Pain worth effort in biggest Dublin Marathon yet
Sense of camaraderie typified by athlete who slowed to help a flagging runner to finish line
Martin and Tara Whelan at Sunday’s marathon. Photograph: Nick Bradshaw
Under clear and sunny skies some 20,000 runners took to the streets of Dublin for the 38th SSE Airtricity Dublin Marathon on Sunday.
Crowds lined the length of the 26.2 mile course, cheering the runners on with much-needed support. Along the route colourful signs gave much encouragement. “You look ready for a Netflix marathon,” read one. “I bet this seemed like a good idea months ago,” read another.
County colours were out in force as were horns and even a cow bell. In Ballsbridge, not far from the finish line, a piano mounted on a trailer provided music and entertainment for runners and supporters alike.
Ava, Bella and Lila Gumby were waiting patiently nearby for their uncle Colin, who was due past at any moment. They were holding a large home-made sign painted with sparkly words of encouragement and hearts and flowers.
Shortly after 11am, the first of the elite runners approached the finish line, streaking down Mount Street to a cacophony of clacking as the crowd waved blue plastic hands. Coming down the home stretch alone, Bernard Rotich of Kenya took first place with a time of 2 hours 15 minutes.
Close to the finish line Natalie Camavan and her family had been cheering on her sister Gillian. They had cheered her on at Castleknock and then taken the train into the city centre to meet her at the finish line. Natalie’s daughter Gemma was holding a colourful sign: “You’re doing great Gilli, keep it up.”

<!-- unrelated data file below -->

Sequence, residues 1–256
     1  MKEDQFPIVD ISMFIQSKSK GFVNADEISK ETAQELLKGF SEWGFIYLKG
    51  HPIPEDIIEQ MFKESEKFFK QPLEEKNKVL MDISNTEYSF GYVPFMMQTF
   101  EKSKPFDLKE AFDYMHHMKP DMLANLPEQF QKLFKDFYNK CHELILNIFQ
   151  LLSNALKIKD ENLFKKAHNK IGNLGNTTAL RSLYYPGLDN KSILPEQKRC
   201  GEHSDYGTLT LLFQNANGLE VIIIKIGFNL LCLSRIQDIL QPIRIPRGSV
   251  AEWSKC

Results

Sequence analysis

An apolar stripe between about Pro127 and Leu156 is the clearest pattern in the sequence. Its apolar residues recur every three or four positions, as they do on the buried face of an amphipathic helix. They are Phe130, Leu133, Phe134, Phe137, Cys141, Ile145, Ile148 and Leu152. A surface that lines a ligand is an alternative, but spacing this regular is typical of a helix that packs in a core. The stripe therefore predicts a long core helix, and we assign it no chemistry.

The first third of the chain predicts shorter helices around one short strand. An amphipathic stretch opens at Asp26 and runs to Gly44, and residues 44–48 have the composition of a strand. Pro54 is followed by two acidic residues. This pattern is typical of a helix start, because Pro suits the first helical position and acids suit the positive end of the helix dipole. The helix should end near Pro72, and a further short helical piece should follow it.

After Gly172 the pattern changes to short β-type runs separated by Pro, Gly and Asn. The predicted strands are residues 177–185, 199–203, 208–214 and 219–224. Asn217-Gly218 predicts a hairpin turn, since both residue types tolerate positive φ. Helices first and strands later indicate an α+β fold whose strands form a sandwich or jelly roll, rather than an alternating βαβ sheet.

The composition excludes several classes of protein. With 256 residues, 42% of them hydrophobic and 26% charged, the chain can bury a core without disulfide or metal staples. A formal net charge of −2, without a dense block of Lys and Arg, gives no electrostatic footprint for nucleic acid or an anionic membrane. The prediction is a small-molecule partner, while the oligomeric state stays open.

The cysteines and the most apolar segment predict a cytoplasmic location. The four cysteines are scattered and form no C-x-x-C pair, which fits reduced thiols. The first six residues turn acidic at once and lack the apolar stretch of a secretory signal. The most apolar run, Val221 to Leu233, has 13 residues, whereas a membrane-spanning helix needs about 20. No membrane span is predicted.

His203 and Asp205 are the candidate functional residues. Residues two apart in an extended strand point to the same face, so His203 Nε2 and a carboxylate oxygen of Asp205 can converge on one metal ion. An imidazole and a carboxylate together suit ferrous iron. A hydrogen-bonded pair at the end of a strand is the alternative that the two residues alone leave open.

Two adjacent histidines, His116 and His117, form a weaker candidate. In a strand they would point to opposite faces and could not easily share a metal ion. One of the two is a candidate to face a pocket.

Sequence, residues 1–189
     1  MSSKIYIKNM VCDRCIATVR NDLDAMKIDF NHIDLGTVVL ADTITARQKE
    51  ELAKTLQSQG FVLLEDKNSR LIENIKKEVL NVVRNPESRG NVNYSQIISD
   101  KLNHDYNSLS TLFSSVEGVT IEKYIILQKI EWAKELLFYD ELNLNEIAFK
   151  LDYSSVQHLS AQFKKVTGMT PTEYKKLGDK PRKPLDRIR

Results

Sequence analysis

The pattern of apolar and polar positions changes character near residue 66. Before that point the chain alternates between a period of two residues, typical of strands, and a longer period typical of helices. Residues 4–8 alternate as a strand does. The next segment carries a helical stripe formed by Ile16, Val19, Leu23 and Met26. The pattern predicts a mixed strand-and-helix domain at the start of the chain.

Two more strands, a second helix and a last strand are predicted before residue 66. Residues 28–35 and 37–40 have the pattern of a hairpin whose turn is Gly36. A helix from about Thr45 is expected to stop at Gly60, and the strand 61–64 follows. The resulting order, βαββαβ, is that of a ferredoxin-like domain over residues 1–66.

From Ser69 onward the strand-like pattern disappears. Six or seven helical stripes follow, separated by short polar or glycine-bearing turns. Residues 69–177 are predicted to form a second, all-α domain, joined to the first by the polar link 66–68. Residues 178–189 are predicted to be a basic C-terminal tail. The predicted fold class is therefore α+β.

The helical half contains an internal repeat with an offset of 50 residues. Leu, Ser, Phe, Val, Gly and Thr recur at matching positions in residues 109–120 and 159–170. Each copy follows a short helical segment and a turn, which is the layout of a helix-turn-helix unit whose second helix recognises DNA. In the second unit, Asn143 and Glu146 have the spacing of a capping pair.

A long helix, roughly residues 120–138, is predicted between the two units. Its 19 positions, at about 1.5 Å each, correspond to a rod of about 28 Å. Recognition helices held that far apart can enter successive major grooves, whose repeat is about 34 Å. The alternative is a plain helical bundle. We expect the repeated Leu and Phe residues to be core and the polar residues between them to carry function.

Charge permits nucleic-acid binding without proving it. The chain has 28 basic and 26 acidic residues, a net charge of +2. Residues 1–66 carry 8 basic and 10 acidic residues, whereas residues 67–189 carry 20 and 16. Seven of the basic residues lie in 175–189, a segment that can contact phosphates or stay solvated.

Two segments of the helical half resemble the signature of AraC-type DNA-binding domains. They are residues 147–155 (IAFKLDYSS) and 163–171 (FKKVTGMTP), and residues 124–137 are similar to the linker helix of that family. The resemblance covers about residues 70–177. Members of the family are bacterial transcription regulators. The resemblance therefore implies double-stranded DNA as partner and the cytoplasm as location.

“She did great,” said Natalie, who was holding baby Fraya.
Pain and determination
Towards the finish line, faces were creased in pain and determination as the runners neared the final 100m stretch. Amid the concentration, there was a sense of camaraderie among them. A male runner slowed to a jog to help a flagging female runner, making their way to the finish line arm in arm.
Members of St John’s Ambulance were keeping a close watch on those crossing the line in case anyone needed assistance. There had been no major injuries to report although a runner was being stretchered away to a nearby ambulance.
The strain was clear on many faces and bodies as they queued to get their much-deserved medals. Many runners flopped to the ground, lining the footpath stretching out their tired limbs.
“There was great support all the way around,” said Declan McCormick from Co Down.
He was running with Hugh Oram – veterans of 14 and 10 marathons respectively – and both achieved personal bests of under 3 hours 30 minutes.
“I’ve done four majors and this is one of the best,” said Oram. “I have held off for 10 years to run it and it’s one of the best for me. The support the whole way around is unbelievable...You should be proud of your city.”
The finish line was a familiar sight for Eddie Coyle from Tallaght who has run more than 100 marathons.
It was the same story for Mark Byrne from Manchester, though it was his first in costume.
He was dressed in a traditional German outfit he had brought back from a beer festival.
“It was a bit tougher in the costume,” he said.
A poignant finishing-line moment involved a team of runners taking turns pushing Archie Naughton in his specially adapted buggy.
The team was made up of Frank Murphy, Mark Gilleran, Adrian Smith, Tonya Hand and Sinead Gannon, all experienced runners from the Roscommon Harriers running club. They covered the route together taking turns to push 11-year-old Archie to raise funds for and awareness of Duchenne muscular dystrophy, which Archie and his twin brothers, Issac and George, have all been diagnosed with.
“I’ve run four marathons but this was the best,” said Frank Murphy. “We all enjoyed it, and the sense of occasion.”